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From ‘The Washington Story’

Jill Wasserstrom, cub reporter for her high school newspaper, the Lane Leader, was a great believer in fate, so it was not surprising that she would read great meaning into the fact that, in November 1982, three historically significant incidents would occur within one 12-hour period. On Wednesday evening, she and Lane Leader editor Wes Sullivan had stood in the Hyde Park Hilton ballroom to hear Illinois Congressman Harold Washington announce that he would seek to become Chicago’s first black mayor. And the next morning, she would hear WBBM reporter John Cody announce both the death of Leonid Brezhnev and the lift-off of Space Shuttle Columbia. And yet, she didn’t read meaning into the coincidence of all these events themselves as much as the fact that they all had taken place while she’d been thinking of Wes. Still, Jill had already determined that it was foolish to think that anything would ever happen between herself and Wes; after all, Wes was a senior dating Rae-Ann Warner, while Jill was a junior dating Muley Scott Wills. And besides, nothing interesting happened in West Rogers Park anyway.

West Rogers Park is the only Chicago neighborhood where synagogues outnumber churches, kosher pizza joints outnumber fast food restaurants, and kichels outnumber doughnuts. Throughout its history, the rest of Chicago has all but ignored it; during the blizzards of 1967 and 1979, the city’s snowplows never once touched its side streets. West Rogers Park’s dimensions had not changed during Jill’s lifetime, yet to her, it was slowly yet inexorably shrinking, so much so that she often felt as though she lived in two separate and completely distinct worlds.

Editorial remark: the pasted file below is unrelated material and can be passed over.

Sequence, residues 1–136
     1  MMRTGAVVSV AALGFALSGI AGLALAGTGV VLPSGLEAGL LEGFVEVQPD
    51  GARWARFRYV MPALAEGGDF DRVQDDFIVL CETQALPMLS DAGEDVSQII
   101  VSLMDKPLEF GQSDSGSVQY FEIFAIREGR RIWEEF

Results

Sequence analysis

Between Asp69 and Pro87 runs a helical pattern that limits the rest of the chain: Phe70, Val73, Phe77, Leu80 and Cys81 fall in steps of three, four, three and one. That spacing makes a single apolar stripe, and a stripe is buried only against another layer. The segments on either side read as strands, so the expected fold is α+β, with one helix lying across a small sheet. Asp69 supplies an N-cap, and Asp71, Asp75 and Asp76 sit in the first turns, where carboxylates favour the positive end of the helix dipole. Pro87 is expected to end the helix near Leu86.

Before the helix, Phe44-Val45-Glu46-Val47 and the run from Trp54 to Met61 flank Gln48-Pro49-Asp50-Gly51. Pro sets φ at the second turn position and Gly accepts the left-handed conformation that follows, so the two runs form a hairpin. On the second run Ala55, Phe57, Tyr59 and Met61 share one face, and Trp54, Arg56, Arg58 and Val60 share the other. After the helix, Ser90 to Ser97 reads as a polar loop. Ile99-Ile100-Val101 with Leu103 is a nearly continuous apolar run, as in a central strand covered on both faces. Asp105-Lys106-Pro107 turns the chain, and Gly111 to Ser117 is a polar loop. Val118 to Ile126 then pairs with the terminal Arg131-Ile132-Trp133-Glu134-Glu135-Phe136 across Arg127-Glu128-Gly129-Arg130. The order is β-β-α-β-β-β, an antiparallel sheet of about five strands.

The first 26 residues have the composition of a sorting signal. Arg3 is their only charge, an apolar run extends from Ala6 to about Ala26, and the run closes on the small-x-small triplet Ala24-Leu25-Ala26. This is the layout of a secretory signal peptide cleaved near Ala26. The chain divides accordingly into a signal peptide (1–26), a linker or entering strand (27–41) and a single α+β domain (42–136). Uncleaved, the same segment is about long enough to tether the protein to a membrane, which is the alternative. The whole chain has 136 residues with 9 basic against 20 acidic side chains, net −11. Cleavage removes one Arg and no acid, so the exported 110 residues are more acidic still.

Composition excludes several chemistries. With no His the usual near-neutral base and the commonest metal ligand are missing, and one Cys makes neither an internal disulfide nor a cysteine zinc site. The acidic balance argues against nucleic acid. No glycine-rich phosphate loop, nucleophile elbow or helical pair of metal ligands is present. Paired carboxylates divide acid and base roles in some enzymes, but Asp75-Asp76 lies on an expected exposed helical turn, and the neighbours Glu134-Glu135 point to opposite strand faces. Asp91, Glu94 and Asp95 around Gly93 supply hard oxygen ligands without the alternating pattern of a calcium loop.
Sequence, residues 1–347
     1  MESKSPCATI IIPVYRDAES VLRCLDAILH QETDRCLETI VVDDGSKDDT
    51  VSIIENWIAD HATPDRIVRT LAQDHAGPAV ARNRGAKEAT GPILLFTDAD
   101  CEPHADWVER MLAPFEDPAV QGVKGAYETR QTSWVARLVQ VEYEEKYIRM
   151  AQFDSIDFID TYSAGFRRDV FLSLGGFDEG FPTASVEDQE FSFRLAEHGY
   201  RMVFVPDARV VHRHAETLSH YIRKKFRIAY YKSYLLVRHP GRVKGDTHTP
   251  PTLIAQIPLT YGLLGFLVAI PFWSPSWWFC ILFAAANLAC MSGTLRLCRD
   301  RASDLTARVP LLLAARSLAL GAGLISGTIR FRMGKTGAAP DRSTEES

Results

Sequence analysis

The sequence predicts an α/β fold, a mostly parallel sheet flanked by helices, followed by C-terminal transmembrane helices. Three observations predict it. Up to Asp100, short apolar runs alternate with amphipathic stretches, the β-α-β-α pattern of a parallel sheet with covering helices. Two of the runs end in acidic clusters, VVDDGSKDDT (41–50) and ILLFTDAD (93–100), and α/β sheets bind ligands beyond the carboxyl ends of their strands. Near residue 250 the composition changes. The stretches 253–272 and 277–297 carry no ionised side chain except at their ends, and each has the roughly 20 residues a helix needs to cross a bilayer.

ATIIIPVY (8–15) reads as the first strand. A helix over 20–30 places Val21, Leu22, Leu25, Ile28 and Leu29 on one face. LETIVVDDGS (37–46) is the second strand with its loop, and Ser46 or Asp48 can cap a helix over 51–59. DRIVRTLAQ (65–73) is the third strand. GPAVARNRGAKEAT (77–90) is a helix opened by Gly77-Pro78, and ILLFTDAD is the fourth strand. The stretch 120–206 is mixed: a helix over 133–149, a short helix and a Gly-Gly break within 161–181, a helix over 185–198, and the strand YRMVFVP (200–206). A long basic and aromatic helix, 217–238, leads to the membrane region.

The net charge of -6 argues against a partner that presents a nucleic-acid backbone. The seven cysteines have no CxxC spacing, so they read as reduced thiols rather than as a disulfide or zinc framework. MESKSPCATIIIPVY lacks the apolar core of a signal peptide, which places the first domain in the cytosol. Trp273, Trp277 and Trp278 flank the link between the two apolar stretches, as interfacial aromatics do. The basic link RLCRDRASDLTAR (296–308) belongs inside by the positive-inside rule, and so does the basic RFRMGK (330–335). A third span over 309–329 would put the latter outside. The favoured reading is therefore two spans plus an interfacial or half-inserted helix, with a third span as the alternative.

On North Shore Avenue, Jill lived with her father, Charlie, lifestyle columnist for the Schiffler Neighborhood Newspapers; her stepmother, Gail, publisher and heir to the Schiffler Newspaper fortune, and their infant daughter, Rachel. In West Rogers Park, Jill would study, walk her mutt, Fidel, or lounge on the beanbags in her bedroom with Muley watching movies checked out from the Nortown Library.

Recently, a group of Orthodox Jews had petitioned the city to request that a border made of fishing wire, or an eruv, be hung from the lampposts of West Rogers Park, encircling the neighborhood, thus creating the boundaries for a small community in which residents were allowed to perform certain activities otherwise forbidden on the Sabbath, such as pushing strollers to shul. But to Jill, the eruv symbolized the sameness of the neighborhood, its provincialism and insularity.

And in both Jill’s moments of greatest rage, such as when her father had written a facile column entitled “Ebony Bagels, Ivory Cream Cheese,” about how blacks and Jews had much in common, or in her moments of greatest contentment, reading revolutionary tracts in Muley’s room, Jill always sensed that Life was something that happened elsewhere. Life was what happened on subways and buses, not in the big, lumbering Cutlasses and Lincoln-Continentals of North Shore Avenue, not in the kosher bakeries or Judaica bookstores of Devon Avenue, not in West Rogers Park at all.

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